More than 1 million travelers passing through Denver International Airport over the long holiday weekend will experience better cellular service than nearly anywhere else in Denver. Then they’ll board their planes and leave the city or return to their Denver neighborhood where subpar mobile service is the norm.
This is because in a city that ranks as one of the worst nationwide for cellular service, every major mobile carrier has beefed up the number of antennas at DIA so more people can get a good signal and decent data speeds during the busy travel season, which the airport expects to be busier than last Thanksgiving holiday.
“Airport upgrades should be up and running” by Tuesday afternoon and are permanent, Suzanne Trantow, a Denver-based AT&T spokeswoman, said in an email. She added that the latest improvements offer 80 percent more LTE capacity at the airport.
Those enhancements include indoor antennas called DAS, or a distributed antenna system, which are small antennas spread throughout the airport. It’s a way to improve the signal inside buildings where outdoor cell towers can’t reach. And while the signal is technically only as good as what AT&T or another mobile carrier provides elsewhere in Denver, the technology is so targeted to a location that reception and data speeds are much more consistent than in areas without enough antennas, especially in neighborhoods where residents don’t want another cell tower built.
“Being an indoor, somewhat controlled environment, DAS solutions typically offer improved user experience by virtue of bringing the (cellular) access closer to users, and with that delivering better signal quality, better data speeds, as well as improved network resource utilization,” said Milan Milanovic, a “technical evangelist” at Ookla, a research firm that runs Speedtest.net, a site where people can check their internet speed.
AT&T is not alone in investing in airport coverage. Since January, Verizon installed antennas in all three terminals and the east and west parking garages. Sprint improved its existing DAS technology at the airport and enhanced outdoor coverage to support the various bands of 4G LTE technology. And T-Mobile tackled the airport train tunnels, Westin Hotel and terminals in an effort that has improved average user success at making calls or accessing internet by 200 percent since last year.
Rich Garwood, T-Mobile’s Regional Vice President for the Northwest, said DAS is just one technology the company has invested in at DIA and throughout the city to improve speed and service. As a result, T-Mobile customers on the DIA network are increasing data use by 110 percent, plus improving call quality and getting fewer dropped calls, Garwood said.
The Denver airport is known for very good Wi-Fi internet service. In July, Ookla ranked the Denver airport as North America’s fastest for free public Wi-Fi. Not only did DIA have the fastest download speed at 78.2 megabits per second, that was a 27 percent increase from the last time Ookla tested airports.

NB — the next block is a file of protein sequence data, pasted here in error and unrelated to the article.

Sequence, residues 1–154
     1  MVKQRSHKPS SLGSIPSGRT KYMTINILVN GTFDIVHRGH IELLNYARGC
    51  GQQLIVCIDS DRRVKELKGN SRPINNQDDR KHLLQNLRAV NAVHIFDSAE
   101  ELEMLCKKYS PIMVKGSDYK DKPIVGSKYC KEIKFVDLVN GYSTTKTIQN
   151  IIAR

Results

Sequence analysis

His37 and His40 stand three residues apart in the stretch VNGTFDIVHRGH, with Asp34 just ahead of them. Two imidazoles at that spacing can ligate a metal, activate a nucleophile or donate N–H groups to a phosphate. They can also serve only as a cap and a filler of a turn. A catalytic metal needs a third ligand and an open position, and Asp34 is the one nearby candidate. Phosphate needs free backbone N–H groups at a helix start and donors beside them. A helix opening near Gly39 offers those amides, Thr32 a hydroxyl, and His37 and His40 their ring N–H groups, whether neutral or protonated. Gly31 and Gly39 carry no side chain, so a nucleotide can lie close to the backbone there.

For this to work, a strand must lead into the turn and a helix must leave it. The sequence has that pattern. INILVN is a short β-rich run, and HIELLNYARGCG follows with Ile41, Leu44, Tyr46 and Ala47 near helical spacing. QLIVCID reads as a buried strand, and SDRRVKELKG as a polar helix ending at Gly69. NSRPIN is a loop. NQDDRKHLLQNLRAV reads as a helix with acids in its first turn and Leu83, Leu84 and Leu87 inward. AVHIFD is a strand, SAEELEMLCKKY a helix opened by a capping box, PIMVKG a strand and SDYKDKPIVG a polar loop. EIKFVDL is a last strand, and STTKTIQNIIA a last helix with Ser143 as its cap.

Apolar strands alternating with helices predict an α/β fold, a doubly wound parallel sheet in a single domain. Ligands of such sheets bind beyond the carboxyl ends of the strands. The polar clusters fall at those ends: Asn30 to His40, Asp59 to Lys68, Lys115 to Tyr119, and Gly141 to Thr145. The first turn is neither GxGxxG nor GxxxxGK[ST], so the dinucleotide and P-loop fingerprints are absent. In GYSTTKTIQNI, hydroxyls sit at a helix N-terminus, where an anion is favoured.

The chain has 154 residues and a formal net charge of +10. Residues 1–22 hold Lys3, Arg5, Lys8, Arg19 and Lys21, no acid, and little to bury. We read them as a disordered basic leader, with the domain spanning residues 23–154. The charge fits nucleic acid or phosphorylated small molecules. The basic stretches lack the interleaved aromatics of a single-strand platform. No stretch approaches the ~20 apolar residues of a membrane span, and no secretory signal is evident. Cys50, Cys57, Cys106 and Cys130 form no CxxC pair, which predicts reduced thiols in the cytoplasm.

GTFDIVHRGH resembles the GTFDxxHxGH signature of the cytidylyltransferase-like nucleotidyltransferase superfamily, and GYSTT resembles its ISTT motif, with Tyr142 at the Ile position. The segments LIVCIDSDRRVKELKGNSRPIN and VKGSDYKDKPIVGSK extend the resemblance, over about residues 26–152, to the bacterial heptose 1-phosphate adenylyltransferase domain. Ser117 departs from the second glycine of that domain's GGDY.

The airport’s cell service also ranked relatively well, with DIA coming in 10th compared to other North American airports, according to Ookla. Average download speeds over cellular connections were 26.3 mbps — an improvement from DIA’s 16 mbps last year.
But outside of the airport, Ookla ranked Denver as one of the worst cities in the nation for mobile download speeds, averaging 12.3 mbps. The city ranked second to last, just behind Portland, Maine, population 66,194.
Analysts have blamed Denver’s poor mobile reception and slower download speeds to factors like increased population, nearby mountains and limited wireless spectrum that each company owns.
The mobile companies say they’re still working on improving service throughout Denver, not just the airport. Verizon said it’s activated about 40 small cells this year “and we’re not done,” said Meagan Dorsch, a Verizon Wireless spokeswoman. “Small cells will help densify our network and add capacity to meet the demand for data today and in the future.”
Sprint has been investing in Denver and appears to be winning because of it. But the company also operates on a different wireless technology than its competitors. RootMetrics, a market research firm that tracks mobile service, named Sprint as Denver’s fastest mobile service earlier this year.
But even with hitting speeds of 19.6 megabits per second, Sprint’s service in Denver was slower than places like Lansing, Mich., where T-Mobile ruled with 50.4 mbps, and Atlanta, where Verizon topped the chart at 41.6 mbps.
“Denver is always going to have challenges specific to the Rocky Mountains,” RootMetrics director Annette Hamilton said at the time. “But I’m telling you that whatever it is the carriers are doing in Denver, it’s making a noticeable difference. There is no reason that any (customers) of the carriers can’t do normal tasks in Denver now, whereas before it was a little hit and miss.”